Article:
Tripe: What It Is and How It Is Used

Tripe
Tripe for sale in an Italian market. photo (c) Henry Donald / Getty Images

In its simplest form, tripe the lining from the stomach (or stomachs) of a domesticated animal. Most often the first three stomachs of a cow or an ox are used. When the first of the bovine’s stomach is used, it is called blanket tripe (due to its appearance); when the second—and usually most coveted—is prepared, it is known as honeycomb tripe; and when it is the third stomach, it is called bible or book tripe.

The last stomach of a cow or ox is rarely used because of its glandular texture. Tripe dishes are also sometimes made with a pig, sheep, goat, or even deer stomach.

How is Tripe Prepared?

In order for tripe to be edible, it must be “dressed.” This involves a thorough and conscientious cleaning of the piece. The butcher will briefly boil the animal stomach so that the lining can be peeled off, as the stomach lining is the actual part that is used for cooking. He or she will also remove extra bits of fat and bleach the tripe so it will be more appetizing.

Fresh, undressed tripe is a brownish/greenish khaki color. Though it looks much less attractive, it is said that unbleached and uncooked tripe will have more flavor. If you purchase undressed tripe, it is important to rinse it over and over until the water runs clear and there is no residual grittiness.

Many large supermarkets in the United States do not carry fresh tripe, as it is not currently a meat product with massive appeal in this country.

You will find it—often sold very economically—in Hispanic or Asian supermarkets that sell meat, or you can order tripe from your regular butcher, if you have one. (Canned or frozen tripe are often available for pet food.)

Tripe needs to be cooked for a long time in order to become tender. Simmering it for 2 to 3 hours is usually sufficient, but tripe will usually hold up very well to being cooked up to 8 or 10 hours without acquiring an overcooked texture or flavor.

How Tripe Is Used in Mexican Cuisine

Beef tripe is used in Mexico for many dishes, but the most popular one is Menudo, a soup made with hominy and honeycomb tripe. Sheep tripe of often prepared in a soup or brothy stew and called Pancita. Menudo and Pancita can be very spicy and both are touted as being a cure for hangovers.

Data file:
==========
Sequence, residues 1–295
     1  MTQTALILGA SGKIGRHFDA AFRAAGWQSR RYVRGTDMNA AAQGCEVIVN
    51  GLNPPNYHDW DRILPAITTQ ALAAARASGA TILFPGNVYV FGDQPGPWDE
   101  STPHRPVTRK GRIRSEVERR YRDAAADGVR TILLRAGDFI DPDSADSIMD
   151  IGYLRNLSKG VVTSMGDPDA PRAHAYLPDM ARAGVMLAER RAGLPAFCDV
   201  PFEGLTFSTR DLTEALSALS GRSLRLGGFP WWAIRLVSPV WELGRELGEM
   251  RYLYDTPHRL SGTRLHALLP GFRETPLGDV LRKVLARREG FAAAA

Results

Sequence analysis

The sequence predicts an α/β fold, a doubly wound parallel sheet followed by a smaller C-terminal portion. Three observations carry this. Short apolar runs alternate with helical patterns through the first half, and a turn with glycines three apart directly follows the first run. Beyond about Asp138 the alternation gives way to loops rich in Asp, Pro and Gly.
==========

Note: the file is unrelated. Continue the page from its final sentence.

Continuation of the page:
Pancita de Barbacoa is made from sheep tripe and is cooked in an earthen barbecue pit together with the rest of the lamb meat or mutton. The stomach is stuffed with other internal organs from the animal and seasoned with onions, garlic and herbs. Tacos made from Pancita de Barbacoa are considered a delicacy and are often enjoyed as a special treat before the tacos created with the more plentiful “regular” meat are served.

The common Mexican term for beef tripe is pancita de res. The word tripas generally refers to an animal’s small intestines (such as the pork intestines used to make chitterlings in the United States), which are prepared in different ways from those of tripe.

Other Culinary Uses of Tripe

Tripe has been used in almost every country around the world in all kinds of dishes from main dishes to cold salads. Great Britain used to be an area of enthusiastic tripe consumption, though that has waned in recent generations. The classic British preparation involves boiling tripe and onions in milk.

In Italy you can enjoy Trippa alla Fiorentina, a tomato sauce preparation, and in Belgium, they will serve you Tripes a Djotte, a tripe sausage encased in large intestines. The well- known Andouille sausage from France is made of tripe, as is Colombian butifarra.

Several Latin American countries make a tripe soup/stew known as Mondongo. Peru’s Cau Cau is a stew made with beef tripe, potatoes, vegetables, and mint. Tripe stew is served in Ecuador with a peanut sauce and is known as Guatitas. African and Asian countries also have their versions of stewed and fried tripe. In the Southern United States, tripe is deep fried in a buttermilk batter.

The Appeal of Tripe

Despite the psychological barrier that some people experience in regards to eating an animal´s stomach lining, well-dressed tripe has a mild flavor and combines nicely with many other ingredients, especially aromatic elements such as onion, garlic, and some herbs. In a way somewhat similar to tofu, tripe tends to absorb the flavors of the other foods it is cooked with.

As a high protein, low fat meat, tripe is a highly nutritious and low in calories.  However, like many other internal organs, it does contain a goodly amount of cholesterol, so it should be consumed in moderation. Tripe also contains a significant amount of vitamin B-12, calcium, and important nutritional minerals such as selenium and zinc.

As the “modern” tendency (actually a return to how things used to be done) of using animals “nose to tail” continues to pick up steam, cooking with tripe makes more sense now than ever.

Edited by Robin Grose

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